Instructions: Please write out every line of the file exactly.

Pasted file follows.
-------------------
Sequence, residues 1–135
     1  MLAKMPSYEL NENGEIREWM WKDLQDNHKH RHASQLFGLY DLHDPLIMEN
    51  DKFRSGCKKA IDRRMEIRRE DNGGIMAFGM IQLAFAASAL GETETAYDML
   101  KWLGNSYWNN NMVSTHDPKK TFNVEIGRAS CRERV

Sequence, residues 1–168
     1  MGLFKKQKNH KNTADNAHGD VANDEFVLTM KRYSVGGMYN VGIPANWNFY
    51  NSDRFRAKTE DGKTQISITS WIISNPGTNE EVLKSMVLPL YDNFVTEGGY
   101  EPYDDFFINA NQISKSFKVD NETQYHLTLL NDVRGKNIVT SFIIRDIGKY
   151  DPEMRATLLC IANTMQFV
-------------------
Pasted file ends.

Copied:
Sequence, residues 1–135
     1  MLAKMPSYEL NENGEIREWM WKDLQDNHKH RHASQLFGLY DLHDPLIMEN
    51  DKFRSGCKKA IDRRMEIRRE DNGGIMAFGM IQLAFAASAL GETETAYDML
   101  KWLGNSYWNN NMVSTHDPKK TFNVEIGRAS CRERV

Sequence, residues 1–168
     1  MGLFKKQKNH KNTADNAHGD VANDEFVLTM KRYSVGGMYN VGIPANWNFY
    51  NSDRFRAKTE DGKTQISITS WIISNPGTNE EVLKSMVLPL YDNFVTEGGY
   101  EPYDDFFINA NQISKSFKVD NETQYHLTLL NDVRGKNIVT SFIIRDIGKY
   151  DPEMRATLLC IANTMQFV